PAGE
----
Haikyuu!! – The Moonrise of Tsukishima Kei

Tsukishima Kei is perhaps the biggest slow-burn character in Haikyuu!! This week saw his development finally culminate in the anime, as he blocks a spike from nationally-famous player Ushijima Wakatoshi.


When we’re first introduced to Tsukishima at the very beginning of the series, he’s a smug, stand-offish character who seems to try very little and looks only to agitate others. However, as you gradually find out more about him, you realise that he is guarded and non-committed for good reasons.




At this early point in the series, you either love him or hate him for his smugness and sarcasm because, for a little while, it’s all he has.


However, even as early as the very first practice match about Aoba Johsai, you can see that he dislikes being looked down on and even looks to protect Karasuno’s reputation.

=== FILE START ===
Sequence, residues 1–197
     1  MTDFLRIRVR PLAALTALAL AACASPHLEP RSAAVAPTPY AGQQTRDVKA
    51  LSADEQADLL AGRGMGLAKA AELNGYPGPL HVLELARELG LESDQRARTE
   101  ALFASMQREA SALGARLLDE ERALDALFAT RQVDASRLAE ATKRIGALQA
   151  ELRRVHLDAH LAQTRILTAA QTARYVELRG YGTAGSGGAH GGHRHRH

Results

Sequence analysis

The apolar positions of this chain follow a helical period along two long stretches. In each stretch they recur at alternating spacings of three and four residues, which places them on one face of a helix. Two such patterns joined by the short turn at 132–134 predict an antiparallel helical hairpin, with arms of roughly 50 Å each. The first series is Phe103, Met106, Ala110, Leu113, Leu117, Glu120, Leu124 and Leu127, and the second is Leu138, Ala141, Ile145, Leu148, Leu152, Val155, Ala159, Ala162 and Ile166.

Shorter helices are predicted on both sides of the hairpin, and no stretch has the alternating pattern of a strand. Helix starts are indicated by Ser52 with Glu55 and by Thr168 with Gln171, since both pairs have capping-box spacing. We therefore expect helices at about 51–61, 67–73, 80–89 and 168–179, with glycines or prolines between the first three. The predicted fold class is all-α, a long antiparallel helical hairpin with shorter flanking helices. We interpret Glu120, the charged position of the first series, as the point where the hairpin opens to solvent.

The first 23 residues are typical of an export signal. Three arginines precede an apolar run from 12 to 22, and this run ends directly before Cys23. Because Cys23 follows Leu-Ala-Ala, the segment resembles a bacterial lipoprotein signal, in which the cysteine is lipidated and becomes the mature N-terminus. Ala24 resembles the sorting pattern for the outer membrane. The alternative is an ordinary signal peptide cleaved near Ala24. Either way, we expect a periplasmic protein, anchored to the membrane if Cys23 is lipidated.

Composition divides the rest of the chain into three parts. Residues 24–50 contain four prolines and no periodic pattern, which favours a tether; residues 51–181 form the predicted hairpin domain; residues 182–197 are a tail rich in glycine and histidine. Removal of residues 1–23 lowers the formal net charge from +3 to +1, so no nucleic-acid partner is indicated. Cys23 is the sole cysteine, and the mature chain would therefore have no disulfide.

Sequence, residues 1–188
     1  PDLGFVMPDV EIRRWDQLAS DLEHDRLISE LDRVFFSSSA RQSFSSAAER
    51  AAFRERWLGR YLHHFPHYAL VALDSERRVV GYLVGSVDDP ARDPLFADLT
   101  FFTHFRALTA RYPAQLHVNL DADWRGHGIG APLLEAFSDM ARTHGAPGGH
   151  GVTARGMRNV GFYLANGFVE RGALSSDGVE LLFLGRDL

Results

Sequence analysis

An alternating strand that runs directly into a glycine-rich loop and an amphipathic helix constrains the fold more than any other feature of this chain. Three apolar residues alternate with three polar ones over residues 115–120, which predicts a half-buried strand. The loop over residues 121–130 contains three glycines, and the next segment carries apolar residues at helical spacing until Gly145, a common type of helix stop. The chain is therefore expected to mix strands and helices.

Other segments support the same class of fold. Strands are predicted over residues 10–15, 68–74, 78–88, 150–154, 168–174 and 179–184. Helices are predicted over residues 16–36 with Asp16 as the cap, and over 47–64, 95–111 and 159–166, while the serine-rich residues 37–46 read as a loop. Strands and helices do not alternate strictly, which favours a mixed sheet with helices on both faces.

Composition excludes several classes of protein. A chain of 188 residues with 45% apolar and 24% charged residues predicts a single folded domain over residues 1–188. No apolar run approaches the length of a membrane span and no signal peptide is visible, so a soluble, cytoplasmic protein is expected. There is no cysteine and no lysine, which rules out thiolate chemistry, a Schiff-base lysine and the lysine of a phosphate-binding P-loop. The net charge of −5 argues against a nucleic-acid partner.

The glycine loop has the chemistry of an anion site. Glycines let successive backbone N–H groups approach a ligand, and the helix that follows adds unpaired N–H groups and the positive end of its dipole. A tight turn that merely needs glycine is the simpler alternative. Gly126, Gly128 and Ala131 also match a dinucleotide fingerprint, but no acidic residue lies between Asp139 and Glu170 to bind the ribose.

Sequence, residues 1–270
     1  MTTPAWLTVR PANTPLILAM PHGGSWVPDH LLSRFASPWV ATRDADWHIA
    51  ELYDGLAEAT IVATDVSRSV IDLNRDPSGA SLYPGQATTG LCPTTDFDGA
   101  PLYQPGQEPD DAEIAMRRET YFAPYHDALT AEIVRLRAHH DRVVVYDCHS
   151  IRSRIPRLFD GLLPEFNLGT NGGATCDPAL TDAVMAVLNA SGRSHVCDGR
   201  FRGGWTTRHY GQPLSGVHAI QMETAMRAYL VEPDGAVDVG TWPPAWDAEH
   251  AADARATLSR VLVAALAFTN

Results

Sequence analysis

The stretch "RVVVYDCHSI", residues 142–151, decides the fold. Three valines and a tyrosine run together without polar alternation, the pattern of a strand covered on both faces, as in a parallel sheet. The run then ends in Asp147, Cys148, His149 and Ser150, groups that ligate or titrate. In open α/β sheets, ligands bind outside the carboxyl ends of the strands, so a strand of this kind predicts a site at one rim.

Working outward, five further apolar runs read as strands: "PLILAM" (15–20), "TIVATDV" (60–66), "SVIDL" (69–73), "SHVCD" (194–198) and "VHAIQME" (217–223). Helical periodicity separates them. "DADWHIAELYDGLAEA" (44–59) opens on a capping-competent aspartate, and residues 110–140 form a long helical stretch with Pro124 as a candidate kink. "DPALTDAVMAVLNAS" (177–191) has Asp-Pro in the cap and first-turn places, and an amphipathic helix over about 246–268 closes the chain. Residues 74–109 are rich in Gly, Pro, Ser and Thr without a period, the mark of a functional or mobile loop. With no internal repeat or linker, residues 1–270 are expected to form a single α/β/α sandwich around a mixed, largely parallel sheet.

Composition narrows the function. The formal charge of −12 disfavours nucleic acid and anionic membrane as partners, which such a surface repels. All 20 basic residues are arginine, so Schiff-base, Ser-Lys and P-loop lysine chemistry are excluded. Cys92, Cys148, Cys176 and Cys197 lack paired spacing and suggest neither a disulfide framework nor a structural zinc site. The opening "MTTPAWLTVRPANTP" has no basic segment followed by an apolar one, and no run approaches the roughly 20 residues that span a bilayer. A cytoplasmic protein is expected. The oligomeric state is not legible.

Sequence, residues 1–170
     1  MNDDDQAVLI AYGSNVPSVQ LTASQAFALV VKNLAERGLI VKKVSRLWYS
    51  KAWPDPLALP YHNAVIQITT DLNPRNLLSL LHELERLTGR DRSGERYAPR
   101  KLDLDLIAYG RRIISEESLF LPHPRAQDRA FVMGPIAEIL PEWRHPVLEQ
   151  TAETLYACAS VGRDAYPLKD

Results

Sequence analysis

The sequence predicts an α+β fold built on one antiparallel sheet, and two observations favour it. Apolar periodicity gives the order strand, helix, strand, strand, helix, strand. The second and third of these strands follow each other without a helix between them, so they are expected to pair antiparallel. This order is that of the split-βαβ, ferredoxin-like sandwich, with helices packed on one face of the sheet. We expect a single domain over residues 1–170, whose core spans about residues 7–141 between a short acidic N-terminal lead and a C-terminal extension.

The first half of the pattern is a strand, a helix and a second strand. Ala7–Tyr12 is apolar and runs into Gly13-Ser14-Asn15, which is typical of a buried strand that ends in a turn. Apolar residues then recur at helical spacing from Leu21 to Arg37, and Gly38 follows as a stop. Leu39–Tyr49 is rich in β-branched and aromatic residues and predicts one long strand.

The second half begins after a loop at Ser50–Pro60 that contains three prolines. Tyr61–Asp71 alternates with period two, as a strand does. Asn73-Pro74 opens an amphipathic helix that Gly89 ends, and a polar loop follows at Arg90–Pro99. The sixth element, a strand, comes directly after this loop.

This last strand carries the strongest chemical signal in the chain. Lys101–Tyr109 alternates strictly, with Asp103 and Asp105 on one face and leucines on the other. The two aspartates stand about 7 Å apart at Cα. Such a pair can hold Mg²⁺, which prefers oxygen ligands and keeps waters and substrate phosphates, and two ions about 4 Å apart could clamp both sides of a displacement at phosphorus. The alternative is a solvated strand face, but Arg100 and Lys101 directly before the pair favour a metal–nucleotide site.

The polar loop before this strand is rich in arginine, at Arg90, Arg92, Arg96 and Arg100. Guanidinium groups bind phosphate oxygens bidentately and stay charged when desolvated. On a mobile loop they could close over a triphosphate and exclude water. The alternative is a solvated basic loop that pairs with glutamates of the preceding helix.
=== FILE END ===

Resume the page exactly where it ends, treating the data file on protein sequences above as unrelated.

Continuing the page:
You see glimpses of this underlying desire to compete during numerous matches and Yamaguchi confirms later in the series that, although he may not give 100% all the time, Tsukishima hates to lose. Daichi notes that ever since their first 3-on-3 practice game, he never worried about Tsukishima because he sensed that underlying drive to win.


There’s lots to be said about Takeda, and later Yachi, being the audience surrogate as a way of providing more exposition about the sport of volleyball. However, I think that Tsukishima’s slow shift in attitude is comparable to somebody watching or reading their first sports series.




Think about it. For a long time he wonders how on earth people can take this so seriously, when it’s literally just an after-school club. Much like some members of the audience, he’s wondering why there’s so many teenagers screaming and yelling about sports all the time.


He cannot comprehend trying so hard, because there is always another level above you, that you will never reach.


Yet, he doesn’t ever quit.